|Title||Essays on Labor, Health, and Entrepreneurship|
|Year of Publication||2019|
|Academic Department||Public Policy|
|Number of Pages||179|
|University||George Mason University|
|Keywords||0501:Economics, 0630:Public policy, Compensating differential, Economics, Entrepreneurship, Health Insurance, Labor demand, Occupational choice, Public Policy, Social Sciences|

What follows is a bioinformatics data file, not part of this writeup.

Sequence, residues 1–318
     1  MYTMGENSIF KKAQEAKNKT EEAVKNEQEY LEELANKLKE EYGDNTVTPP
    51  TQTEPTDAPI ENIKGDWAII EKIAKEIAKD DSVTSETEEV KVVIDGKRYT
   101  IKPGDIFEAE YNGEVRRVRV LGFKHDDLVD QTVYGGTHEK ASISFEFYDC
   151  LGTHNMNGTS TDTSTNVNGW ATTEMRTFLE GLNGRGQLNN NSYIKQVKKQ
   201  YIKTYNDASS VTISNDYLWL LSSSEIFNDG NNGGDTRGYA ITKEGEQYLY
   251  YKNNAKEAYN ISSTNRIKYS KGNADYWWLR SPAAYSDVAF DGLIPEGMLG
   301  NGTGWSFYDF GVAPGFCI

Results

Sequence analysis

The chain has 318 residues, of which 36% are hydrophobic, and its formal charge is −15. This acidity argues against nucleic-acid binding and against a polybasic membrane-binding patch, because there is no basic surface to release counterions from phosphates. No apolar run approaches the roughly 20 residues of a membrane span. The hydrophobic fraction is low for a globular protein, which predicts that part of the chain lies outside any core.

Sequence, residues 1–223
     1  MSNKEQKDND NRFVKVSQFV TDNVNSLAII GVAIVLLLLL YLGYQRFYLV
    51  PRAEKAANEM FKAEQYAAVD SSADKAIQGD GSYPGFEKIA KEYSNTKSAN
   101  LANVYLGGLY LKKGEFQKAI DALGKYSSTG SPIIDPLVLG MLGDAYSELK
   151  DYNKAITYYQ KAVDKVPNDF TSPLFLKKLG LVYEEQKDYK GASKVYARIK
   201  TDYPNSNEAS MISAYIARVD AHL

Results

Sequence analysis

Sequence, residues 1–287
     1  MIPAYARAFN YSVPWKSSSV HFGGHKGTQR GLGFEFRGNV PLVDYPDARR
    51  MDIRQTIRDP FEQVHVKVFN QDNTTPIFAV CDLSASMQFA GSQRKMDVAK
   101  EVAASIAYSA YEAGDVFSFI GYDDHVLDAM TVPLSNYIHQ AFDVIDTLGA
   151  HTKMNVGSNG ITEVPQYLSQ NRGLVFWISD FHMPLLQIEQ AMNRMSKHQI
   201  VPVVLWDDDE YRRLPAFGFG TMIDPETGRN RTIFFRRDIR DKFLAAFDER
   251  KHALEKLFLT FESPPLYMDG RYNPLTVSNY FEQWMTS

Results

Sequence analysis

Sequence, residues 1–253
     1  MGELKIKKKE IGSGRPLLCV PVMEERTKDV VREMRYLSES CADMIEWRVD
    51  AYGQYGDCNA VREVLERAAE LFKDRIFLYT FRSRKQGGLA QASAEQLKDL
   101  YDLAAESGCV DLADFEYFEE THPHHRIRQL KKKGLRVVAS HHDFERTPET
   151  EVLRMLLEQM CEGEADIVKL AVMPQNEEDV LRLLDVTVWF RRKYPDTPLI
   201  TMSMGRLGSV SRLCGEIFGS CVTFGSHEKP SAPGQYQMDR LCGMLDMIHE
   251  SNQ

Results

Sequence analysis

This dissertation presents studies of the interaction of health policies and labor markets, including issues of occupational choice, labor demand, and compensating differentials. In the first essay, Health Insurance and the Supply of Entrepreneurs: Evidence from the ACA Medicaid Expansion, I examine whether the expansion of Medicaid eligibility under the Affordable Care Act increases the supply of entrepreneurs as measured by self-employment. Using the 2003–2017 Current Population Survey and focusing on childless adults in low-income households, I apply difference-in-differences, propensity score weighting, and instrumental variable (IV) methods. I find that expanding Medicaid eligibility raises the self-employment rate by 0.8 to 1.6 percentage points, without increasing self-employment exit. IV estimates imply that covered individuals have 8 to 11 percentage points higher probability to become self-employed. Exploiting additional variation by spousal coverage or poor health of individuals or their spouse within triple difference specifications, I also find evidence that the underlying mechanism of the effect was through the reduction of entrepreneurship lock. The results suggest that limited access to health insurance may be a barrier to entrepreneurship.In the second essay, Do Employer Insurance Mandates Reduce Employment? Evidence from the Massachusetts Reform, I study the impact of an employer health insurance mandate on employment in small business and firm size distribution by exploiting the Massachusetts employer mandate. Using a triple-difference method with County Business Patterns data from 2000 to 2013, I compare net employment and the number of establishments in establishment size classes above and below 10, the threshold employment of the mandate. The specification includes interactive fixed effects (size by state, size by year, state by year, industry by size, industry by state, industry by year). The results suggest that net employment above the thresholds fell by about 2 to 4 percent and the number of establishments in the same size group decreased by about 1 to 4 percent.In the third essay, Who Pays the Healthcare Costs of Chronic Diseases?, I (jointly with Chanup Jeung) examine whether 50-64 year-old workers covered by employer-sponsored insurance bear healthcare costs in the form of lower wages. Using a difference-in-difference approach with data from the Health and Retirement Study, we find that workers with chronic diseases receive significantly lower wages than healthy workers when they are covered by employer sponsored insurance. Part of the wage reduction among workers with chronic diseases can be explained by their higher healthcare usages.
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